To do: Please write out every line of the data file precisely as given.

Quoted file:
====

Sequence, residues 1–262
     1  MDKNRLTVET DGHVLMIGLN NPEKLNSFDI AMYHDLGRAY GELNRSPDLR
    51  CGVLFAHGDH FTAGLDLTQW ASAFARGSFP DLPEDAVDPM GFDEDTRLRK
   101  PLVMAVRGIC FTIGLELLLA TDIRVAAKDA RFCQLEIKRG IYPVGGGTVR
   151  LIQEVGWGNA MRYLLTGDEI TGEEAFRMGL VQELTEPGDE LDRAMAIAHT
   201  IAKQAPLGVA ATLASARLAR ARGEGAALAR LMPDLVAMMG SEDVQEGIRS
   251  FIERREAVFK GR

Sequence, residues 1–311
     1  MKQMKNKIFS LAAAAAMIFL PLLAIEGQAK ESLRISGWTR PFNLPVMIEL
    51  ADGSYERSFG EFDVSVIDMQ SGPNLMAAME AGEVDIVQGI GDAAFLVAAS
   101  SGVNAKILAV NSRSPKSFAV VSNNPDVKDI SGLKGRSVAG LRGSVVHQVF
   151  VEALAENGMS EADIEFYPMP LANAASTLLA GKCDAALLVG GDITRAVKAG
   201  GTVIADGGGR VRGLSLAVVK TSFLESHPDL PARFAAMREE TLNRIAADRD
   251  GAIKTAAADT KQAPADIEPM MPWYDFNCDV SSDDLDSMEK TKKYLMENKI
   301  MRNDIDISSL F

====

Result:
Sequence, residues 1–262
     1  MDKNRLTVET DGHVLMIGLN NPEKLNSFDI AMYHDLGRAY GELNRSPDLR
    51  CGVLFAHGDH FTAGLDLTQW ASAFARGSFP DLPEDAVDPM GFDEDTRLRK
   101  PLVMAVRGIC FTIGLELLLA TDIRVAAKDA RFCQLEIKRG IYPVGGGTVR
   151  LIQEVGWGNA MRYLLTGDEI TGEEAFRMGL VQELTEPGDE LDRAMAIAHT
   201  IAKQAPLGVA ATLASARLAR ARGEGAALAR LMPDLVAMMG SEDVQEGIRS
   251  FIERREAVFK GR

Sequence, residues 1–311
     1  MKQMKNKIFS LAAAAAMIFL PLLAIEGQAK ESLRISGWTR PFNLPVMIEL
    51  ADGSYERSFG EFDVSVIDMQ SGPNLMAAME AGEVDIVQGI GDAAFLVAAS
   101  SGVNAKILAV NSRSPKSFAV VSNNPDVKDI SGLKGRSVAG LRGSVVHQVF
   151  VEALAENGMS EADIEFYPMP LANAASTLLA GKCDAALLVG GDITRAVKAG
   201  GTVIADGGGR VRGLSLAVVK TSFLESHPDL PARFAAMREE TLNRIAADRD
   251  GAIKTAAADT KQAPADIEPM MPWYDFNCDV SSDDLDSMEK TKKYLMENKI
   301  MRNDIDISSL F